The Japanese Ambassador in the
Soviet Union (
) to the Japanese Minister of Foreign
1416. Re your telegram No. 913–2.1
The so-called unconditional surrender or peace obtained by some-thing close to unconditional surrender referred to in my telegram No. 13922 and others which I sent from time to time, omits the problem of protecting the fundamental character of our nation. It goes without saying that even in conducting negotiations with the Soviets on the subject of your telegram, the absolute desire on the part of 70 million citizens as regards our form of government should be forcefully stressed. Therefore I have already added a statement in the latter portion of my telegram No. 1143,3 believing that there should be no fear of a misunderstanding arising therefrom on this matter; I mention this only in order to make sure.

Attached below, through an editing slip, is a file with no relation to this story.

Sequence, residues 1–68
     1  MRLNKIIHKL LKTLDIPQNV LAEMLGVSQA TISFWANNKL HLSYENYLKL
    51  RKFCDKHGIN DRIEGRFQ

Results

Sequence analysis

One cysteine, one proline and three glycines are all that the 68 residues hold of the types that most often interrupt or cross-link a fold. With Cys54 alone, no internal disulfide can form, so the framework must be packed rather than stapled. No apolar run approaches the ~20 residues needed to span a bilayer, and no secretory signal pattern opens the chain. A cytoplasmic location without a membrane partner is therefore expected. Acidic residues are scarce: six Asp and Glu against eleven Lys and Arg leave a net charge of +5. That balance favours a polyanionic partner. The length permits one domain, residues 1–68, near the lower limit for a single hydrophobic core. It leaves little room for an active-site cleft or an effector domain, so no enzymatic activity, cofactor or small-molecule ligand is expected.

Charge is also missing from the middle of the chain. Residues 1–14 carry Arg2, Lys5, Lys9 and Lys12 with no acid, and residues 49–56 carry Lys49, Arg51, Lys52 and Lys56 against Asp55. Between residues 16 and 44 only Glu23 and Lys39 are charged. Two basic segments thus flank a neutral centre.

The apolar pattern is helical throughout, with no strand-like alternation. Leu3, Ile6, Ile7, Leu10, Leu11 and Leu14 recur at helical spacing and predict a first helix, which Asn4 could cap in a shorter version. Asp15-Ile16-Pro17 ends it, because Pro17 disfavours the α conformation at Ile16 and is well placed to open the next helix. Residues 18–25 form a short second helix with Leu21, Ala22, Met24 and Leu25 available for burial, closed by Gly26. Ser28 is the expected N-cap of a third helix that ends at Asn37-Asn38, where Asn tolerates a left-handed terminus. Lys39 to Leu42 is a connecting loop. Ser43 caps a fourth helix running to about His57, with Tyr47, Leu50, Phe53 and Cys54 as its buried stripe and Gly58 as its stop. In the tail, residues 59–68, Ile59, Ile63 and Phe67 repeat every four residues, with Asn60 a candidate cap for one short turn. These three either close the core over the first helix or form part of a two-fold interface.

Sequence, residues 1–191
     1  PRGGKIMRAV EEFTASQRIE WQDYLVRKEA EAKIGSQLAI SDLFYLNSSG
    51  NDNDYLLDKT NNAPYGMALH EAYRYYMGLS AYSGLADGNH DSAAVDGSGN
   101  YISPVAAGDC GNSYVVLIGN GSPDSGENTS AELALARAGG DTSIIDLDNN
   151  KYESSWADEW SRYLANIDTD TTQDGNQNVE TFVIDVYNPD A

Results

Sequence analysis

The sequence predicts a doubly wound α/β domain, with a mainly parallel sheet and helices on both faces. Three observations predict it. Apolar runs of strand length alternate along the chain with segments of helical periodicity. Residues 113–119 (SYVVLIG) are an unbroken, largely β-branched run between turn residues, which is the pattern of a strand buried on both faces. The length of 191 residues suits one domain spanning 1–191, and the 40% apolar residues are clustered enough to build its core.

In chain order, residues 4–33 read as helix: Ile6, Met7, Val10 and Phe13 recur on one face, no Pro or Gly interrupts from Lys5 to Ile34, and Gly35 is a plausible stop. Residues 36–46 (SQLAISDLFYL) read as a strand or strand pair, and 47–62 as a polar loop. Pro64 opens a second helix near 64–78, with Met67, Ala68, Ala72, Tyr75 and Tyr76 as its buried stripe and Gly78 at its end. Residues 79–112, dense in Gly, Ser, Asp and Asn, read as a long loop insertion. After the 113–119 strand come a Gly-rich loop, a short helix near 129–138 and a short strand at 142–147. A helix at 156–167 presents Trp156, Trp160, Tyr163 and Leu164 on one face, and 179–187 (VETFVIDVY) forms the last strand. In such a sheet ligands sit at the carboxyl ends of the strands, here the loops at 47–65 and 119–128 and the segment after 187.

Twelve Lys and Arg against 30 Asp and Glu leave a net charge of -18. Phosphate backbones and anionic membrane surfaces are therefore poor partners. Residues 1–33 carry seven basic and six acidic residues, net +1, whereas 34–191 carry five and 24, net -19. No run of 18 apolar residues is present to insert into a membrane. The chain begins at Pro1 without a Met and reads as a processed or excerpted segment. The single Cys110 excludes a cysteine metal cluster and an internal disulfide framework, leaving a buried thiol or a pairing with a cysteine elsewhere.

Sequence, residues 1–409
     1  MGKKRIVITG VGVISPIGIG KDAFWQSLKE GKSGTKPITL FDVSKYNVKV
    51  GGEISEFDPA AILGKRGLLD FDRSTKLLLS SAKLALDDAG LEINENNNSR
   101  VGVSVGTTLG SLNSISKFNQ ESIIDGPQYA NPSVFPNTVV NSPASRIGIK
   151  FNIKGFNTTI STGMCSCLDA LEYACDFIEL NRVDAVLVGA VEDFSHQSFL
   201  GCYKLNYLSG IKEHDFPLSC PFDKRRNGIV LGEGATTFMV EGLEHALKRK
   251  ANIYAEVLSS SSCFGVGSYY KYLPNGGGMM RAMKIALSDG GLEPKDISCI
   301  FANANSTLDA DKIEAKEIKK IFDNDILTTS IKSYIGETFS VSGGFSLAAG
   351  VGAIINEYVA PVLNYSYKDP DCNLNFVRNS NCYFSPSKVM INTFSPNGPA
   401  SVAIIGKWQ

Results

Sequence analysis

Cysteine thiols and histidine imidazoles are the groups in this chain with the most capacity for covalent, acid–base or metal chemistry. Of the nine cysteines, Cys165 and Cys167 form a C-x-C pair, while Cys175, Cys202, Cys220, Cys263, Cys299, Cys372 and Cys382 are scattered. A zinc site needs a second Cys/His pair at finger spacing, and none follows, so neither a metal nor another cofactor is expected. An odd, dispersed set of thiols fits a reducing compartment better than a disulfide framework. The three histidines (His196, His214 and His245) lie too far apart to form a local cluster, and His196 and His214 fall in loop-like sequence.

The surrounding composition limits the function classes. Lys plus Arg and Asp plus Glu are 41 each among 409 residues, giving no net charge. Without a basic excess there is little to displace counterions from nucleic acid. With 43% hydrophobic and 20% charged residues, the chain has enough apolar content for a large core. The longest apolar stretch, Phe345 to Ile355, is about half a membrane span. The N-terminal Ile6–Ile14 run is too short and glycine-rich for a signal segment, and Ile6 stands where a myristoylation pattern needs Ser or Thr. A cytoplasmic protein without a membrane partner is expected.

If the matter of the preservation of our form of government were already taken care of, whether you call it unconditional surrender or whether you call it something close to this condition, in the final analysis it is a matter of degree. As for us I think it should not be made an absolute condition. Concerning the early portion of the telegram, I would like to express my humble opinion at another time after giving the matter full consideration.